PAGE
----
A large church does not have the same challenge of a small or medium size church. If you are struggling in worship, THE PASTOR MUST LEAD.

Do you agree with what we have done? Can a blended worship work? Or not?

  • Teresa Barnett

    I’m very excited about your approach in sincerely seeking the spirit of God through prayer and blending that with wisdom and doing what works. As a worship leader I don’t know many hymns, but I believe they have been and can be an important medium for blending worship with the gospel. We are careful to pick songs that resonate with the gospel and not just an awesome experience. We want both; to awesomely experience the depths of the gospel. I really appreciate and needed to hear some of the things you have learned and communicated here. Thank you!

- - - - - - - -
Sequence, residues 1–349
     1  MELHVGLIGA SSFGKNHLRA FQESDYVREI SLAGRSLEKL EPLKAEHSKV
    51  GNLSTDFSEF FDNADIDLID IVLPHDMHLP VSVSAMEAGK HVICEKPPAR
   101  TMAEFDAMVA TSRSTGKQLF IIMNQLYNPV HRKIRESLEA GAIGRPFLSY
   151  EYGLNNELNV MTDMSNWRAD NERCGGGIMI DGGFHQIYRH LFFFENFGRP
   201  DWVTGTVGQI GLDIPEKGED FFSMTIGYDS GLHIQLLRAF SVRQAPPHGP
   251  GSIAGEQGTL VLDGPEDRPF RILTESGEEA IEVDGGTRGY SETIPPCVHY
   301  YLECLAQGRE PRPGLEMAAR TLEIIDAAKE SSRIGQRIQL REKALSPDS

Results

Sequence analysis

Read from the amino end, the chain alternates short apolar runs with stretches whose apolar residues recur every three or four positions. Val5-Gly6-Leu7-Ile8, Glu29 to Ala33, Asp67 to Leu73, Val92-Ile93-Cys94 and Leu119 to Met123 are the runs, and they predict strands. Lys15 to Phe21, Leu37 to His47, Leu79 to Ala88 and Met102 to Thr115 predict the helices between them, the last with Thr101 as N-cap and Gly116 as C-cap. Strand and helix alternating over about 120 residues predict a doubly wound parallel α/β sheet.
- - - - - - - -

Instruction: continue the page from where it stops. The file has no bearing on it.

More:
• Alan Stoddard

    Teresa thanks for sharing. I will probably write more on this, but we actually have designed a “delivery” and “form” that is working for all. The form is important we have found. I agree with you. Both! A worship experience in “music” that helps people meet God is crucial, but we also must remember the gospel in preaching. Without the church meeting God, their hearts are not as tenderized for reception of the word.

    Pray for us. God is at work. Love you and Bobby.

  • Jennifer Rebekah Billis-Gehrke

    I like this very much. The thing that stands out to me is when you told us that people suggest that we tailor our music to who we want to attract. It seems to me that you would want to attract not just one group of people. Old and young alike. Without old we would loose the wisdom and experience of Christians who are mature and been through the fire and survived. Without the young we would loose energy and enthusiasm and the ability to do a lot of the things that reach people. The church would die off. I think your inclusive plan for music is wisdom with a view of the big picture in mind…Well done.